Discovery Continuity Problems
Even if we leave aside the general visual disconnection of the series from most of the rest of Star Trek, there are numerous continuity problems in Star Trek Discovery. Season 2 attempted to explain some of them but created new issues in the course. Note that I don't claim that all of the issues listed in the following are irreconcilable.
These are continuity issues of Discovery that were not amended or alleviated in a way to better comply with the rest of Star Trek.
- Augment Klingons as we know them from TOS and ENT's fourth season never show up in Discovery. If we suppose that Discovery-style Klingons are identical to TMP Klingons, per the "visual reboot" principle, then the more human-looking Augments don't exist in the Discoveryverse (or it would need a very good on-screen explanation why they have temporarily gone into hiding).
- Discovery Klingons had no hair in season 1. After these "new" Klingons (that were created on Bryan Fuller's behest) were not well received by many viewers, their look was revised for season 2. While the totally different anatomy remained the same, they were given back their hair to be more relatable. In the attempt of a retcon, having no hair was explained on screen in DIS: "Point of Light" as a tradition in wartime. All Klingons of the different houses of Discovery, however, had no hair even before T'Kuvma made the surprising appeal to go to war against the Federation. Klingon children had no hair in T'Kuvma's flashback, and Mirror Voq was hairless as well. Perhaps the political changes brought about by L'Rell are a reason why Klingons grow hair again and never give up this custom after Discovery. But this conflicts with the uninterrupted continuity of classic "hairy" Klingons (with the sole exception of General Chang that proves the rule), and quite paradoxically Discovery posits that the Klingons have totally conformist traditions at a time when they are explicitly said and shown to be totally divided. So even if we put up with the other visual discrepancies, bald Klingons remain an isolated and ultimately unexplained oddity of Discovery.
- Discovery Klingons have pointed ears, which invalidates the story of TNG: "Birthright II" where the Romulan-like shape of her ears sets apart the half-Romulan Ba'el.
- It seems unlikely that Discovery Klingons are sexually and/or genetically compatible with other species, such as humans or Romulans. Quite possibly B'Elanna or Ba'el can't exist in the Discoveryverse. The two penises of male Klingons (DIS: "Will You Take My Hand?") are a rather curious side aspect in this regard.
- Among many other anatomical differences, Discovery Klingons have thick and elongated heads. Even if we decide to ignore the visuals, in DIS: "Magic to Make the Sanest Man Go Mad" Mudd explicitly refers to them as "pointy headed bastards". Furthermore, it is impossible for the new Klingons to pass as other humanoid species without being surgically mutilated, without "giving up everything" the way Voq had to do it. This invalidates the classic stories involving Klingon undercover agents such as Arne Darvin (TOS: "The Trouble With Tribbles") or Worf (TNG: "Homeward").
- The choH'a' (species reassignment protocol) that L'Rell used to transform Voq to a human named Tyler, anatomically and genetically, is a lot more advanced than any comparable technology that will be available in the following 120 years. In the context of Star Trek's overall continuity, this issue is alleviated by the fact that the Klingons of Discovery are anatomically very different anyway and that in classic Trek a total transformation of undercover agents was never deemed necessary (thinking of how easily Arne Darvin was uncovered in "The Trouble with Tribbles"). But if we "believe" in the full extent of the transformation and hence of the procedure, the level of this technology is extremely anachronistic.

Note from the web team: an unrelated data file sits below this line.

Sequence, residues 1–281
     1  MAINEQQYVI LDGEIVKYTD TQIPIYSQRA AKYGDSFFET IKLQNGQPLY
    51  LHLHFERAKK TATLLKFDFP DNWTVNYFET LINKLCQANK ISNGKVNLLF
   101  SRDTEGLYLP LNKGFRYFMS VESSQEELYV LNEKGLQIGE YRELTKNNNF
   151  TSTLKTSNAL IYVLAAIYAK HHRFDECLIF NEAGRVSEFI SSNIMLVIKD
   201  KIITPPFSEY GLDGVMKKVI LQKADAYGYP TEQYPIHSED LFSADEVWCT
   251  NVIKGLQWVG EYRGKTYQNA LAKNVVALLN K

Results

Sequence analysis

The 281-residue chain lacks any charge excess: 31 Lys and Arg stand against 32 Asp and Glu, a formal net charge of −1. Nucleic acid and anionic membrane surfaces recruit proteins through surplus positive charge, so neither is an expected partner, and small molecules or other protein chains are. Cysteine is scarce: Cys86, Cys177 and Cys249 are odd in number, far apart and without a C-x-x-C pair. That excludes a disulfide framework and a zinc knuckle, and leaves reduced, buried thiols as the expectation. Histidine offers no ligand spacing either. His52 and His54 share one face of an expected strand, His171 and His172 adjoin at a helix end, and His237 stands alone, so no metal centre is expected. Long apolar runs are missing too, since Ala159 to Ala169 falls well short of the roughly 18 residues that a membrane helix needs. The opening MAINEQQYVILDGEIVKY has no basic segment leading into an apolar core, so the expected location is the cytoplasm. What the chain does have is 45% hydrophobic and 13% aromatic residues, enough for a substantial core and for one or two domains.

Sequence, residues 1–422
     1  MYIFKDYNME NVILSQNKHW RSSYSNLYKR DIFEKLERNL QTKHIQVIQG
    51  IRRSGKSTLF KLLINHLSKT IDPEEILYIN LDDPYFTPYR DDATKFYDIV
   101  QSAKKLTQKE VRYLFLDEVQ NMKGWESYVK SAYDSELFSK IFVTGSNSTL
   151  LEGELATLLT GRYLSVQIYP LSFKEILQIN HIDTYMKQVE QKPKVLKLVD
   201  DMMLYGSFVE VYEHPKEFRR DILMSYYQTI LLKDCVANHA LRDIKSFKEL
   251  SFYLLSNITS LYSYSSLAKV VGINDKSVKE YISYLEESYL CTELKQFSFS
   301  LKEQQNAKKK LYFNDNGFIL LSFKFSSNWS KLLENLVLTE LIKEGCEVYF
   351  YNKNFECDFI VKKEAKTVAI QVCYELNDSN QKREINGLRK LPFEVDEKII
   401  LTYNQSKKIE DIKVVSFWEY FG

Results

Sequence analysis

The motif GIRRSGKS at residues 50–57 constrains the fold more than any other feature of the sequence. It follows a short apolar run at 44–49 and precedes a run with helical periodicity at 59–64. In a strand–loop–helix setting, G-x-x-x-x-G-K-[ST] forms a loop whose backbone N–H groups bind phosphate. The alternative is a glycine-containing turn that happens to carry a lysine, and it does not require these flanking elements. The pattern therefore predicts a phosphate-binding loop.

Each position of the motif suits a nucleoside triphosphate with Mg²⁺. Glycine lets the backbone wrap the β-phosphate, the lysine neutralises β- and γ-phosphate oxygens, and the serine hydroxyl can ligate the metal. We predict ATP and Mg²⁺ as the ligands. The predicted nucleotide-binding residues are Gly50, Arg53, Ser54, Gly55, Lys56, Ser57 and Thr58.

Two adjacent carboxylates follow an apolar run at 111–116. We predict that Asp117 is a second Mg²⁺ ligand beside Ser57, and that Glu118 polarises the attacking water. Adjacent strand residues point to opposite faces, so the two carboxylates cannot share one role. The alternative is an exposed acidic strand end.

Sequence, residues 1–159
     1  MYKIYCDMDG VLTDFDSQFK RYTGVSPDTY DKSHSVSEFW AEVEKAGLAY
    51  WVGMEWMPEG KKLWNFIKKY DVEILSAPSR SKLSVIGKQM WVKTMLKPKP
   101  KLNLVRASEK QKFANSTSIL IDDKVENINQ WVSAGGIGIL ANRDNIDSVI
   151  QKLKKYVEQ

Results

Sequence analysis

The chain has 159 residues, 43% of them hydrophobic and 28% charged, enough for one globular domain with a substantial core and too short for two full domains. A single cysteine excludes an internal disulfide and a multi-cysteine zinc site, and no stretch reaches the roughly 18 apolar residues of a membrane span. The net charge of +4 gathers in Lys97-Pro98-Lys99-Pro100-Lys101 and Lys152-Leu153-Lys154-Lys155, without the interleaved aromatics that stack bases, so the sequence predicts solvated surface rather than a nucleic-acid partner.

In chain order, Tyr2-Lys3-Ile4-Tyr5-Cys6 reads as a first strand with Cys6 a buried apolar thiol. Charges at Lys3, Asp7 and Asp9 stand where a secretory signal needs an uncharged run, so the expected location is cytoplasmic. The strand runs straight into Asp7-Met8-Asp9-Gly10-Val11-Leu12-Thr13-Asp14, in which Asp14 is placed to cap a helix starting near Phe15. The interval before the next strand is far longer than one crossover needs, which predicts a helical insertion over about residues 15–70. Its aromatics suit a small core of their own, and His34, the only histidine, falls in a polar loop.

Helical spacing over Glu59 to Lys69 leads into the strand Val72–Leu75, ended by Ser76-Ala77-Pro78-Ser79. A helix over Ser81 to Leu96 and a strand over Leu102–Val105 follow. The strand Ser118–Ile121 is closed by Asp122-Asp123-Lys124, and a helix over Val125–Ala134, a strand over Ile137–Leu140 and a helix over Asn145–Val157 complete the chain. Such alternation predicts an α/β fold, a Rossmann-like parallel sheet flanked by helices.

- In classic Trek, a Bird-of-Prey is a small Klingon ship with moving wings, totally unlike the Discovery-style version of the BoP, which does not qualify as a reimagination but is a totally unrelated design that was given the same name to insinuate a continuity that is technically non-existent. The Discoveryverse "D7" from DIS: "Choose Your Pain", on the other hand, was revised to something more canon. A "new" ship of the same name, now similar to a classic D7, showed up as a depiction in DIS: "Point of Light" and physically in DIS: "Through The Valley Of Shadows".
- Discovery Klingon starships have cloaking technology in 2256 (DIS: "Battle at the Binary Stars", "Si Vis Pacem, Para Bellum"), although cloaking is a previously unknown and probably new feature on their ships in "Star Trek III" and did not show up in TOS. Perhaps we may apply the same explanation that, just as the Romulan cloaking in ENT: "Minefield", a "scattering field" is something less advanced?
- Besides being heavily decorated, the bat'leths of Discovery are designed with the outer blades pointing backward, purportedly because Klingons would prefer to let them appear as defensive weapons. This does not only clash with the look and the purpose of the classic bat'leth. It is also nearly impossible to turn around the weapon for practical use (at least not without the danger of getting hurt by the inner tips that now point backward).
- Discovery Klingons, or at least T'Kuvma's sect, adorn the ship hull with the coffins of dead warriors (DIS: "The Vulcan Hello"). This is in contrast to TNG: "Heart of Glory" where the Klingons discard the bodies, which are regarded as an empty shell. It may be taken as a laudable sign of diversity in their culture but it doesn't comply with the other Klingons' reverence for T'Kuvma's unusual ways.